It has made some waves if only, unfortunately, due to a soldier sympathetic to "Breaking the Silence" who asked a question about which Gideon Levy wrote a column. The video:
I even managed to ask a question, at 18:50.
And Tim shook my hand after the show, recalling my appearance on his HardTalk program, back in May 2003.
Getting back to the soldier, Shachar Berrin
Levy has him speaking so:
“...Just the other week, when some Border Police soldiers were rough with Christian tourists, another soldier, a colleague, said she couldn’t believe what they were doing: ‘I mean, come on, they are people, not Palestinians.’ I think that resonates throughout the occupied territories. I serve in the Jordan Valley, and we see every day how soldiers… look at these people not as human beings, not as someone who is equal, but someone who is less than them. And to think that we can just leave the racism and the xenophobia – that they will only be racist when they humiliate Palestinians – of course not… I think that once you are conditioned to think something, you bring it back with you and that it deeply affects Israeli society and causes it, as our president says, to be more racist.”
At his Facebook page, Dani Dayan relates to the fuss and that in his first part, the soldier made unsupported claims, painting with a wide swash of accusation, that most of the army is evil and thn withdrew to make a claim about kicking kids away and not all to shoot, if being bothered. But Haartz pushed on, and today has an editorial on it. It's main point:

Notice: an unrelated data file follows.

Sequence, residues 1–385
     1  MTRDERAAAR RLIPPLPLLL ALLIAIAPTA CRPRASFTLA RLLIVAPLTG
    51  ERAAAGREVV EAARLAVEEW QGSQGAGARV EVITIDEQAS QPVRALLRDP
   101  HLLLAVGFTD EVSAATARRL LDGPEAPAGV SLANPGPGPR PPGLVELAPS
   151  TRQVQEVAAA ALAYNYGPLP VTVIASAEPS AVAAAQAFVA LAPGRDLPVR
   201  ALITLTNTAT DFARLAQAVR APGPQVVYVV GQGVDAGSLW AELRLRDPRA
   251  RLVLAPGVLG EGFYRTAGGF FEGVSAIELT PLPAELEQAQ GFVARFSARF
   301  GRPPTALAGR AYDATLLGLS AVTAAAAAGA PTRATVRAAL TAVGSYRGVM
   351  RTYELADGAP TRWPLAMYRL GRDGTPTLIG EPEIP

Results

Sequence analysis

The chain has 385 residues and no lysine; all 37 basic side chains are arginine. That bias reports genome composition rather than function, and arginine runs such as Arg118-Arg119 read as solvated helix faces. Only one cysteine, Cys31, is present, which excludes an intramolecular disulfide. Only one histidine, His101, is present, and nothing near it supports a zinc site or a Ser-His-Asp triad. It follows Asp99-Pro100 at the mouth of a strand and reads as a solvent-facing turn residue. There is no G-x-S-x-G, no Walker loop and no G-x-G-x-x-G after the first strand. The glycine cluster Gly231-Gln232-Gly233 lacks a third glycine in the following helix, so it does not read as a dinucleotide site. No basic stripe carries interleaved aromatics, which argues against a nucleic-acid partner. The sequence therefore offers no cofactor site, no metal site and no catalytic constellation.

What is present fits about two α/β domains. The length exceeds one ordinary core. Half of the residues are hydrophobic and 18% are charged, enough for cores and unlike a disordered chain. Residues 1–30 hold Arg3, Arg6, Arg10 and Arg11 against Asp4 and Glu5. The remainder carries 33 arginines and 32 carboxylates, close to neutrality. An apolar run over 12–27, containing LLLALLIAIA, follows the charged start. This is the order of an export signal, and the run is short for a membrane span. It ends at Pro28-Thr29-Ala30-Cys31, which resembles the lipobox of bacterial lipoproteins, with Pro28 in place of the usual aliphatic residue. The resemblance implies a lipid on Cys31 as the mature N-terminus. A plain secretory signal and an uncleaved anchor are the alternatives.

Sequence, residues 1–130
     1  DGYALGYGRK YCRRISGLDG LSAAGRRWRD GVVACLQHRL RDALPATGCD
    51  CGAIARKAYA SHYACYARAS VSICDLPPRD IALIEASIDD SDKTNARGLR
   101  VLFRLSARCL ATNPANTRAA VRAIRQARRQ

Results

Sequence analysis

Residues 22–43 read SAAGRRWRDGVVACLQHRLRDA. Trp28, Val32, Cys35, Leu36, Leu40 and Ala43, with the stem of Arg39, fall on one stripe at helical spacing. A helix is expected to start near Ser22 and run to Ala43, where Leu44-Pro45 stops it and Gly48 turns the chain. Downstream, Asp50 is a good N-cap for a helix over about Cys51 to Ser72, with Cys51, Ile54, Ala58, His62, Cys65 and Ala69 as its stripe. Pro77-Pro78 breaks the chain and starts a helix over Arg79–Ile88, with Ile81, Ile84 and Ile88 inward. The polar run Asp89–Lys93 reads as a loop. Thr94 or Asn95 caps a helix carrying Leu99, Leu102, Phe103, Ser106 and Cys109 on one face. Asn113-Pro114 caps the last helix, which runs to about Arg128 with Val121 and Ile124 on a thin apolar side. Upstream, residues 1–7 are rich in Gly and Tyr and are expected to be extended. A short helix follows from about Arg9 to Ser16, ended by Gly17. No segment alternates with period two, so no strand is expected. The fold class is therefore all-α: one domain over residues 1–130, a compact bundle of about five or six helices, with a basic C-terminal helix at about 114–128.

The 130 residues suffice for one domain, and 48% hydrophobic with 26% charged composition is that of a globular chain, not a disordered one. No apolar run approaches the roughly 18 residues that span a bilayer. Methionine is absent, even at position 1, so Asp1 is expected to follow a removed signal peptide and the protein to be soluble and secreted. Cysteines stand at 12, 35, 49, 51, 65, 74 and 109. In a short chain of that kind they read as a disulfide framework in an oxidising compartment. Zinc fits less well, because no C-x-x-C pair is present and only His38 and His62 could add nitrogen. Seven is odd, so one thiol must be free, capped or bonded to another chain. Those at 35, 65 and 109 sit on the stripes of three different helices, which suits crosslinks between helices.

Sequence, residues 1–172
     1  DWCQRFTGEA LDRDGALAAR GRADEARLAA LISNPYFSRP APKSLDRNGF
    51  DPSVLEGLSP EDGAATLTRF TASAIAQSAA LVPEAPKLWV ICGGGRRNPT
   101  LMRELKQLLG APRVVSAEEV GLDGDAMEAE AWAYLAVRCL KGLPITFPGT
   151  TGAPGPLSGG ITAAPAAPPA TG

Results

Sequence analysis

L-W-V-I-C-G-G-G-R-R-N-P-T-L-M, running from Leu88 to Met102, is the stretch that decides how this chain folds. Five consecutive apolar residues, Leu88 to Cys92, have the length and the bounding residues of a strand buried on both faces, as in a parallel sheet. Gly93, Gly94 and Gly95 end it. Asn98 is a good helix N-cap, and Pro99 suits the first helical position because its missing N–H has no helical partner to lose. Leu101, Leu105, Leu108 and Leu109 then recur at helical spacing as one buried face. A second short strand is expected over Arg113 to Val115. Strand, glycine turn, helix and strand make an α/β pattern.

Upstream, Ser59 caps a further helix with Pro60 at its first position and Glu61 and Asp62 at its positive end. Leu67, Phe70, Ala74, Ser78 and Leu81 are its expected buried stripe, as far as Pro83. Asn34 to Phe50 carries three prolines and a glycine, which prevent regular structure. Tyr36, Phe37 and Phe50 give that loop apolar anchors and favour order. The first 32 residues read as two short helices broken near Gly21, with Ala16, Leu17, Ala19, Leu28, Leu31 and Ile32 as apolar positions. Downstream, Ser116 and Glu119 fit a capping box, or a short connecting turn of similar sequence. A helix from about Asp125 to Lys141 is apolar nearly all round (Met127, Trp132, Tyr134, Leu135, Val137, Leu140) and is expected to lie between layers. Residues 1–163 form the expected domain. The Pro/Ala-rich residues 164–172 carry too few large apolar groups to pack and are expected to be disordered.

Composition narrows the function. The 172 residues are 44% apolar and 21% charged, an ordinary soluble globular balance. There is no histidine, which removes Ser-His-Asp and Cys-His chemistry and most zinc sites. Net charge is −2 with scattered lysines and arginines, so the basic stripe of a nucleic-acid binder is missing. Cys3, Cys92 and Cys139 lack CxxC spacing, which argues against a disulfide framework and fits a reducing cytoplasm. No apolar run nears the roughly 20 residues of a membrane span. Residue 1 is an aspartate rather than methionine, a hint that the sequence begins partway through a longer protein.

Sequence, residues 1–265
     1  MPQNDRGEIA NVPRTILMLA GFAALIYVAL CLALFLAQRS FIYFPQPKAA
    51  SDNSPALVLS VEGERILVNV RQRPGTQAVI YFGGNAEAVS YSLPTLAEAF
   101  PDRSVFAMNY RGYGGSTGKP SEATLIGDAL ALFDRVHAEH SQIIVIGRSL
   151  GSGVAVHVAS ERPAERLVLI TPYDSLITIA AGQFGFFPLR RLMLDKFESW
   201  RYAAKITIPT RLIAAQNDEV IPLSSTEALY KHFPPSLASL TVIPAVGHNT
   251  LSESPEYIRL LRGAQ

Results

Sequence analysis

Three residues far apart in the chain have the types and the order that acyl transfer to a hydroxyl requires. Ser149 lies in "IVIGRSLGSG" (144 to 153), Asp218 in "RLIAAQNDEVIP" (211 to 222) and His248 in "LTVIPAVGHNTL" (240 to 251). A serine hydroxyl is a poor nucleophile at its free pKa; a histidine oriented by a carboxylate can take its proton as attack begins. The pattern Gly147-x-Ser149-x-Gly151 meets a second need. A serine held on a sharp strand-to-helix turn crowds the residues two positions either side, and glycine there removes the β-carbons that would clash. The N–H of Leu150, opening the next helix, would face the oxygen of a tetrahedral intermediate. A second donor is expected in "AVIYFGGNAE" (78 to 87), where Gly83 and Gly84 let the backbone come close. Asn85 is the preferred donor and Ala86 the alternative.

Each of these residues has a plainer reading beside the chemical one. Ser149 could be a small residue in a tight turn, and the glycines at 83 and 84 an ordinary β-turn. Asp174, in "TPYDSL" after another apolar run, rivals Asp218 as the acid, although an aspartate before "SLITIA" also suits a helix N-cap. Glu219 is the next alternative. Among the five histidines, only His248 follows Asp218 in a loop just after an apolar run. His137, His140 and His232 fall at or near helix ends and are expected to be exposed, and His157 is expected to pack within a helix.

that same damage from the occupation, against which Berrin warned, pursued him to a conference hall in Jerusalem and then sent him to prison for a week. In the words of the IDF Spokesperson’s Unit, “The soldier was tried for speaking to the media without authorization and approval, as required by army orders.” Or, put more simply, the soldier was tried and jailed for telling the truth, contrary to the army’s orders.
That formulation is, of course, a perversion. The rule of not talking to the press applies to all ranks, in all situations and has nothing to do with the topic and certainly not with any so-called 'occupation'. If we take the Haaretz logic to its conclusion, the Bat Ayin soldier, Eldad Sela, who revealed, it is charged, army plans to dismantle outposts, was also simply expressing the truth and is unjustly being punished? And by the way, he is accused of espionage, a much more severe punishable crime. Or is only anti-occupation actions and words to be granted a special treatment of unlimited liberty?